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Ignorance of Law as an Excuse. Options
Ashwin Joshi
Posted: Thursday, April 20, 2017 11:20:48 AM

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Location: Jandiāla Guru, Punjab, India
‘Ignorance of Law is no excuse’ is an old adage. Quite a number of accused and simplistic persons have sought refuge taking this plea but courts refused to accept. After a law is enacted, this doctrine assumes that the law in question has been properly promulgated—published and distributed. But it is never assured whether the same has been understood also by the public. Most of the times it takes years for legal luminaries and the apex court to explain the correct meaning of the law and to reach a logical culmination of a simple case.

Me Gathering Pebbles at The Seashore.-Aj
Drag0nspeaker
Posted: Thursday, April 20, 2017 5:28:15 PM

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How else would lawyers and solicitors make a living, if they didn't make laws so complicated that no-one could understand them?


Wyrd bið ful aræd - bull!
Ashwin Joshi
Posted: Friday, April 21, 2017 8:26:51 AM

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DragO sir, You are right. But aren't lawyers and solicitors are progeny of bad legislation.

Me Gathering Pebbles at The Seashore.-Aj
Hope123
Posted: Friday, April 21, 2017 10:14:02 AM

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I "dunno". I've never had trouble figuring out what the law might not want me to do, even though I have no accurate knowledge of individual laws.

What kinds of laws are we talking about here?

A clever person solves a problem. A wise person avoids it. Albert Einstein
Ashwin Joshi
Posted: Friday, April 21, 2017 11:03:10 AM

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Hi Hope123, broadly it means you can’t claim to be exempt from liability under a law just because you didn’t know there was such a law.

For example, just because you didn’t know that the speed limit was 45 MPH at a particular stretch in the road will not excuse you from being ticketed for driving 60. Similarly, you can’t claim to be exempt from being charged with someone’s murder by arguing that you had no idea that murder was a crime.

I hope I am able to explain.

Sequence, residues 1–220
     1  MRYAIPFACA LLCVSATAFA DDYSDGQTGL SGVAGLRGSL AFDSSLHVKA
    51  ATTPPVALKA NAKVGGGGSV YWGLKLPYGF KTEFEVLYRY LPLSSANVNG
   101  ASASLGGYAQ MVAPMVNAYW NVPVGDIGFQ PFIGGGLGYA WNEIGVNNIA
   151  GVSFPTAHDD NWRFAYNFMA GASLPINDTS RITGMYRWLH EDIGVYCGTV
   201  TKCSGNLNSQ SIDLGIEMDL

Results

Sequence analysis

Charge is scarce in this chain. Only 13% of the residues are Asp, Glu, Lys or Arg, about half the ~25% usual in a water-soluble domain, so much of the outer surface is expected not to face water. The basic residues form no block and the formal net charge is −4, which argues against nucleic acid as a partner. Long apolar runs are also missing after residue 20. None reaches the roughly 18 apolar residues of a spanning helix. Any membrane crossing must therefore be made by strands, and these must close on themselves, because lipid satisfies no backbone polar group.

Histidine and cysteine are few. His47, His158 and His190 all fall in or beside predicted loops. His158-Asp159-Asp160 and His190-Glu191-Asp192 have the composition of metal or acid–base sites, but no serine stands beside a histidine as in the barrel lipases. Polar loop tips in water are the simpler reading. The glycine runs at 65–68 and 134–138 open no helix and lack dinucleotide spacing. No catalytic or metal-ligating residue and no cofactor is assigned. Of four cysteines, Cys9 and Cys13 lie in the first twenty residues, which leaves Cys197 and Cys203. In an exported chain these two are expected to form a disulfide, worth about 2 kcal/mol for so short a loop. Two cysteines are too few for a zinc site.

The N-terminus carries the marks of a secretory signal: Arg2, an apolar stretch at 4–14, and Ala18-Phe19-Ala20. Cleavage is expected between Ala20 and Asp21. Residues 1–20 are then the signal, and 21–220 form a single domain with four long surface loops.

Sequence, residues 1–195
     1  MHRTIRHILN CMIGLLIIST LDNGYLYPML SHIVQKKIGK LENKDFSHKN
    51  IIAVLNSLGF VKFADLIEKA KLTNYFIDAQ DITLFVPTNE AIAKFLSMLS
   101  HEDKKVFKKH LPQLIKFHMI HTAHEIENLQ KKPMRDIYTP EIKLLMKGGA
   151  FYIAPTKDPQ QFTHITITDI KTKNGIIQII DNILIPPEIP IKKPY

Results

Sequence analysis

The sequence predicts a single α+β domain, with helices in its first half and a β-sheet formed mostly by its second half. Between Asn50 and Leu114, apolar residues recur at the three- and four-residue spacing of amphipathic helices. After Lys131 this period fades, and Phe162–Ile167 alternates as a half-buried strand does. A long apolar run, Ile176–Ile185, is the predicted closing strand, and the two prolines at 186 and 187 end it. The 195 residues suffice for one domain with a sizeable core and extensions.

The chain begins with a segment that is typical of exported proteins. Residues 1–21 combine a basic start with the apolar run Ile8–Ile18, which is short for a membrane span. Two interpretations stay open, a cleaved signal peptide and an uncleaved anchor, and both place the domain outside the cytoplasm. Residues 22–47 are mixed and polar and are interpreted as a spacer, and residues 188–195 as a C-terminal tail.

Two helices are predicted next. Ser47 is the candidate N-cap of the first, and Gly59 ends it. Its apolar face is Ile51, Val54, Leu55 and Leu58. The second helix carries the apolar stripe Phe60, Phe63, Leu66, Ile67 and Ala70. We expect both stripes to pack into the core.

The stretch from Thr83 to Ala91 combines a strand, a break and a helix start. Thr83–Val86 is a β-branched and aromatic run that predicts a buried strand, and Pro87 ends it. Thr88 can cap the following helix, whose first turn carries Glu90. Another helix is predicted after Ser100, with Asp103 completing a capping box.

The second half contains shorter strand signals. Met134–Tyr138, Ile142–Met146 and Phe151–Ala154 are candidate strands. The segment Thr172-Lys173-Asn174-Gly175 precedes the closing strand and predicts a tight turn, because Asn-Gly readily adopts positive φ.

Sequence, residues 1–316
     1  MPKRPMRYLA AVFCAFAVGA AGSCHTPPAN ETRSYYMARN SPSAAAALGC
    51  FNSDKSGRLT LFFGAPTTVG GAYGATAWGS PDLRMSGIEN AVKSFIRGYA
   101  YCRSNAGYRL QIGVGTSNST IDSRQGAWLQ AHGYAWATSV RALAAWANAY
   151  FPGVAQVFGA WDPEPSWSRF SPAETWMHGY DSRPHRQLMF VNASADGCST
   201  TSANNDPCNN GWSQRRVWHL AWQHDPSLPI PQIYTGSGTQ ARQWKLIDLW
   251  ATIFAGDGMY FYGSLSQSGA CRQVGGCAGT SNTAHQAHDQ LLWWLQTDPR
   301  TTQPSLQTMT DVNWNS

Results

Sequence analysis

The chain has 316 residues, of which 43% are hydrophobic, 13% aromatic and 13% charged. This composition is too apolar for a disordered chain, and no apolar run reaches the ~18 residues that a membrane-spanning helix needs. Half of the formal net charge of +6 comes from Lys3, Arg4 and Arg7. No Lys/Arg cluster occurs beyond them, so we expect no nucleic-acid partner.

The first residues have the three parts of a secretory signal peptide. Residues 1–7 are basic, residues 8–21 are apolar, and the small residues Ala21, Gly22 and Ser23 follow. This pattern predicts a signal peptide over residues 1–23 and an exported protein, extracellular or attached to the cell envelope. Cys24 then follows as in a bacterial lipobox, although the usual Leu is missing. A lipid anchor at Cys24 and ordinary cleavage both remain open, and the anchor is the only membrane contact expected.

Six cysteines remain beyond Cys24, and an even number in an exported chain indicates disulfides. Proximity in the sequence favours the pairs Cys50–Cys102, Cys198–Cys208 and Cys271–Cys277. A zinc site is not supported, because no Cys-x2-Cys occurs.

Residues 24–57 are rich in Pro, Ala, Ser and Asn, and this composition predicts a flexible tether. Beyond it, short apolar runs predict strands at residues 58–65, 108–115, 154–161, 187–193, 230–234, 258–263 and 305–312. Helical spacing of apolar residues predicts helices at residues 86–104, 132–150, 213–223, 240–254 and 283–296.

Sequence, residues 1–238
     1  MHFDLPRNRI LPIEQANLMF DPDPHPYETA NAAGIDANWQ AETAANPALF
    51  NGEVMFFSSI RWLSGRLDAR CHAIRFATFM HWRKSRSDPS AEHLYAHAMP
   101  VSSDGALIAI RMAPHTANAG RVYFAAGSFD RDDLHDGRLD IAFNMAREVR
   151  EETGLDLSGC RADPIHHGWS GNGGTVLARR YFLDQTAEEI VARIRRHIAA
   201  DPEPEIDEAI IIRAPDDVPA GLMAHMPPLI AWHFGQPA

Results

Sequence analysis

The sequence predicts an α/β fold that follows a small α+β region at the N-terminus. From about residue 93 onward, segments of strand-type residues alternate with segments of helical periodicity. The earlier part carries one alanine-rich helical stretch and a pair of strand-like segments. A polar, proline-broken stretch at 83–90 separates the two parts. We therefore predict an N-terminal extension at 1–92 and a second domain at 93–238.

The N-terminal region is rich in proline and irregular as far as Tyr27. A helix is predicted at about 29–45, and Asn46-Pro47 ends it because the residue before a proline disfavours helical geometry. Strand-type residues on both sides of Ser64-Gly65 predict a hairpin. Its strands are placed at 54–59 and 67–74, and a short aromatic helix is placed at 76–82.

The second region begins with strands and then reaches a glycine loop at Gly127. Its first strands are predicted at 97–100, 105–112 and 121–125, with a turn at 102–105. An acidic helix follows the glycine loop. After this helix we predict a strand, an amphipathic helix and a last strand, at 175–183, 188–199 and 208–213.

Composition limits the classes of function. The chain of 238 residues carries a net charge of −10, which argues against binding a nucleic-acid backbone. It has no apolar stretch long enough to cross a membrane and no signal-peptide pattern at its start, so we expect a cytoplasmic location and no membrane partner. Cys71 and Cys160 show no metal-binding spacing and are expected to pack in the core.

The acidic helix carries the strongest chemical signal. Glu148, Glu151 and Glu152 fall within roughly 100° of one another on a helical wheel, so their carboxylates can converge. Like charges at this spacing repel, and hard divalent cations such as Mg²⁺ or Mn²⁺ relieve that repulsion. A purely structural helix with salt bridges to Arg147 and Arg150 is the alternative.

Me Gathering Pebbles at The Seashore.-Aj
Hope123
Posted: Friday, April 21, 2017 11:36:50 AM

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Ashwin Joshi wrote:
Hi Hope123, broadly it means you can’t claim to be exempt from liability under a law just because you didn’t know there was such a law.

For example, just because you didn’t know that the speed limit was 45 MPH at a particular stretch in the road will not excuse you from being ticketed for driving 60. Similarly, you can’t claim to be exempt from being charged with someone’s murder by arguing that you had no idea that murder was a crime.

I hope I am able to explain.


I understood the concept, AJ, but the example about the speed limit gives an example I had not thought of, although in Canada we have lots of signs. I suppose people will try anything...



A clever person solves a problem. A wise person avoids it. Albert Einstein
Ashwin Joshi
Posted: Friday, April 21, 2017 12:02:09 PM

Rank: Advanced Member

Joined: 8/3/2016
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Location: Jandiāla Guru, Punjab, India
Hi Hope123; Some other examples;
I don't exactly know who, but most probably, John Kroetch explained it as under;



Under our legal system, Canadians are expected to know what the law says. But this doesn't mean we all have to be legal experts. It's not realistic for everyone to memorize all the laws! Not even lawyers know all this information.

The rule "ignorance of the law is no excuse" really means that people can't defend their actions by claiming they didn't know the law.

It would be too easy for people to break a contract, ignore a neighbour's right to privacy or sell drugs if they could get away with it by arguing they didn't know it was against the law.

However, even when people have good intentions, they sometimes break the law because they don't realize they are doing something illegal. This can happen because our legal system is complicated. When people have good intentions, judges can sometimes be understanding. Judges are less understanding when the actions involve certain kinds of crimes.


Me Gathering Pebbles at The Seashore.-Aj
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